• Reply
    Miss Cindy
    September 10, 2010 at 8:29 pm

    It’s all very complicated, isn’t it. Start out with a simple idea….like good tomatoes and then everything gets out of hand.
    My grandmother saved all her own seeds and her garden was about 50 by 70 feet. It seemed to work ok for her.
    I knew there was a reason I specialize in eating instead of growing! lol

  • Reply
    Osagebluffquilter
    September 10, 2010 at 3:18 pm

    If only I had some of my heirlooms tomatoes left, I would try saving the seeds. I never thought about it at the time.
    However, with the rain and cool weather we are having, I see a few blooms setting on. There maybe hope yet.

  • Reply
    sandra
    September 10, 2010 at 9:39 am

    ok, you found a subject i am not familar with. i dont’ remember daddy saving his seeds, he always bought seeds or little plants. that big tomato in the first photo is the one i wish i had to eat on my burger OR just with salt like and apple. hubby did this year, take the seeds from a tomatoe and put the slimmy things in a litte pot of dirt, the 3 plants grew almost 6 feet tall, had to stake them, but we got no tomatos. humm

  • Reply
    Mary
    September 9, 2010 at 11:26 pm

    We’ve had a ‘pile’ of unwanted tomatoes for the past year or two and have had some nice plants come up in that area.
    This is the first year that I’m saving them, too, and no, I hadn’t thought about cross-pollination! I wonder if the old timers only grew one type of tomato? I had two heirlooms and one hybrid growing, so I don’t know if my seeds will be worth anything or not.

  • Reply
    Stephen Craig Rowe
    September 9, 2010 at 8:52 pm

    Dear Tipper, Thank you for visiting the Painting Studio and for your most kind comments. In the spring of ’09 I was given a small half dead tomatoe plant and tucked it in a corner of my little rose garden. It was most prolific and soon took over the garden. Had to build an arbor for the Jack and the bean stalk kind of tomatoe nightmare. Smile! Still have some sauces in the freezer. Next season may plan a real veggie garden. Thank you again for the visit, this very well written post, and as ever be well.

  • Reply
    Rachelle
    September 9, 2010 at 8:50 pm

    Tipper, I save my seeds each year but I have always just layed them out on a coffee filter and let them dry and then put in a freezer bag and put them in the freezer. My grandparents saved seed in this manner also. With our bean seed we just let them dry on the vine, pick them off and put ’em in the freezer. Hopefully the freezer won’t go out, but those precious seeds would be the first thing we think of saving.

  • Reply
    Vicki Lane
    September 9, 2010 at 8:47 pm

    I’ve saved tomato seeds just by squeezing them onto paper towels and letting them dry. That way you get some good and some not-so good seeds. The fermentation method probably works better.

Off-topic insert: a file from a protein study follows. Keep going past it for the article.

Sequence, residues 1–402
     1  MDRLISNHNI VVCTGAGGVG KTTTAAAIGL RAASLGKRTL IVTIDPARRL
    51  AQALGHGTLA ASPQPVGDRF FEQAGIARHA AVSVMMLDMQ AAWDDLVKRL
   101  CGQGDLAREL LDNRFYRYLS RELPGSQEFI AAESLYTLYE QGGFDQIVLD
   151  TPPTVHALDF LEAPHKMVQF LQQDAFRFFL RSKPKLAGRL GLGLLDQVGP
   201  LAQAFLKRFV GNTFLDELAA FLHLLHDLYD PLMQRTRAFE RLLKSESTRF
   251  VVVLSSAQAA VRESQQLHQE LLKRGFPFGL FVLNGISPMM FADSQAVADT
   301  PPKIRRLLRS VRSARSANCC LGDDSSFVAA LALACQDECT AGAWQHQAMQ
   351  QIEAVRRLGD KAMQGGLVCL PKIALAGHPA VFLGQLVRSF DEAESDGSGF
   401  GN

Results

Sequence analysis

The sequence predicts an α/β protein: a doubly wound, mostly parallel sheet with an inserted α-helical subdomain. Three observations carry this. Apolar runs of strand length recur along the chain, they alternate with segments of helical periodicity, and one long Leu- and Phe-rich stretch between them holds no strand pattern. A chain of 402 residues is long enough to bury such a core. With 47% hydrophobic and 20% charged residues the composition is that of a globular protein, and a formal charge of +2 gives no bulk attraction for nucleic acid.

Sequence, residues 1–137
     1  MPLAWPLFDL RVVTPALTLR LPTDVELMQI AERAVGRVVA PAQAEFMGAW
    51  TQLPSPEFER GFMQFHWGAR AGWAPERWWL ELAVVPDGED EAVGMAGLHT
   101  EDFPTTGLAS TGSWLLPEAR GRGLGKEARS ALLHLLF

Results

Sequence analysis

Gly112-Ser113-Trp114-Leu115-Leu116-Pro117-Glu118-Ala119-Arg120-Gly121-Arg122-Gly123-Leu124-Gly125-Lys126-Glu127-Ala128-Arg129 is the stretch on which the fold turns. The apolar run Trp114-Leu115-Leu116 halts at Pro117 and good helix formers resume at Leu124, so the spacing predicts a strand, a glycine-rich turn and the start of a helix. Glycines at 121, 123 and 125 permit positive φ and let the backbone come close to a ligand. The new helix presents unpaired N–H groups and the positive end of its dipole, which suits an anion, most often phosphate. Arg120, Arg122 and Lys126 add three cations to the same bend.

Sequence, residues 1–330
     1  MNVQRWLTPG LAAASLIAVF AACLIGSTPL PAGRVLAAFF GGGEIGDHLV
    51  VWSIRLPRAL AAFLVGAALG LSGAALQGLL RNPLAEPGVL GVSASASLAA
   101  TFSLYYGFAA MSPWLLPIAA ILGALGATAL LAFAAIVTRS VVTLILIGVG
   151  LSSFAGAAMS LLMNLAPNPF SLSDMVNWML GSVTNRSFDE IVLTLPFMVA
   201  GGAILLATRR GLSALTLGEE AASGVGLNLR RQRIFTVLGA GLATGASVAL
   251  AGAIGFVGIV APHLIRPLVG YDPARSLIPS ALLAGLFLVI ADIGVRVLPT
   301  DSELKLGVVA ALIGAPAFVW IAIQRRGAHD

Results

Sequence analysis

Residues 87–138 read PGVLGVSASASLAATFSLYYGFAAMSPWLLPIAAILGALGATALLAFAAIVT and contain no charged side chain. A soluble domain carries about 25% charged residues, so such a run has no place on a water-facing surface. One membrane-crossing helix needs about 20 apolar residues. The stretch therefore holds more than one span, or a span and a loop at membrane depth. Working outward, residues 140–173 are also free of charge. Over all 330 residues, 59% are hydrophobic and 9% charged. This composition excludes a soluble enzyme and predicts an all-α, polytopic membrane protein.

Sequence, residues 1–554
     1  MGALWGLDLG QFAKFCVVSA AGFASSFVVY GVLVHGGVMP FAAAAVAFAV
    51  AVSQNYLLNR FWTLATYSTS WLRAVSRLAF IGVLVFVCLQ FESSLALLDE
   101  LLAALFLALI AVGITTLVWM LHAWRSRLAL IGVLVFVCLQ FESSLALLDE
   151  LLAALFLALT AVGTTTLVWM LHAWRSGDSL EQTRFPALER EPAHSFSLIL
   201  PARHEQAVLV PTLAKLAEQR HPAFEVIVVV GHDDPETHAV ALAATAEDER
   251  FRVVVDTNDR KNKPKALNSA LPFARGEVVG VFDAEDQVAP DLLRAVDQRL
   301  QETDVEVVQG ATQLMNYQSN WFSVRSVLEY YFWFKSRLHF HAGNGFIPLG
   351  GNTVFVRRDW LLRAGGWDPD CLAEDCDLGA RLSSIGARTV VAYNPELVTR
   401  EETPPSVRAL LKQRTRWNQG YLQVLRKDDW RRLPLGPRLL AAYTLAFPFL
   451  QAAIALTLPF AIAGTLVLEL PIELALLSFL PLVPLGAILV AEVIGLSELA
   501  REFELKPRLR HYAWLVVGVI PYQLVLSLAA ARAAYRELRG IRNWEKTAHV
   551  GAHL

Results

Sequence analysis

• Reply
    Becky
    September 9, 2010 at 3:58 pm

    I have nothing to add. But I am learning quite a bit from reading here. And I am waiting to read what you come up with.

  • Reply
    Ken
    September 9, 2010 at 1:38 pm

    Tipper,
    Wow! That’s a beautiful German pink in the top picture. I guess
    they’re my favorite and this is the first time I didn’t plant those. Always admired folks who
    kept their own seed year after
    year. I just always depent on
    the nursery for mine. But I do save my white runner seeds, because i don’t want them to get
    all mixed up and have “tough” ones
    in my beans. Good luck in your research on heirloom tomatoes, cause I’m no help there, sorry…Ken

  • Reply
    Brenda Kay Ledford
    September 9, 2010 at 1:33 pm

    Tipper,
    My mama saves tomato seeds by putting them on a cloth to dry. My granny also did that to save her tomato seeds. Mama still saves bean seeds, corn seeds, etc. from year to year. She has some little pink bean seeds that she’s saved for years.
    Great posting. It brought back many memories.

  • Reply
    Jim Casada
    September 9, 2010 at 11:22 am

    Tipper–I’ll add a couple of thoughts on seed saving drawn from my youth (Grandpa Joe’s methods) and personal experience as a gardener.
    *Grandpa Joe followed the approach you mention–saving in dirt–from two types of tommytoes–yellow pear and red ones–he just tossed aside tommytoes which had split or which were overripe and plowed them in. The following spring he would transplant strong-looking volunteers and leave others if they came up in places where they didn’t interfere with something else. I might also note that he allowed chickens to range amongst the tomatoes once Grandma Minnie had put up all she needed (they always had way too many). A chicken will half starve itself to death eating maters!
    *Grandpa put most all the seeds he saved, and they went far beyond those of tomatoes, in containers to which he added some snuff. He claimed that the powdered tobacco kept any and all seed enemies at bay.
    *I’ve had good luck in storing seeds of tomatoes and other things in the freezer.
    A really enjoyable coverage, and I’ll be anxious to see what you learn about cross-pollination.
    Jim Casada

  • Reply
    warren
    September 9, 2010 at 10:55 am

    HA! Sorry to cause you distress! Well, not really. Anyhow, I save seeds like you do, but I think the fermentation method sounds cool. I will have to try that with some awesome pumpkins I grew this year!
    As far as the cross-pollination, I figure it really only matters if you want to maintain pure strains. I am not sure how important I think that is in my garden…I can see it both ways…
    Anyhow, I am so glad you ponder and research things like this. Thanks!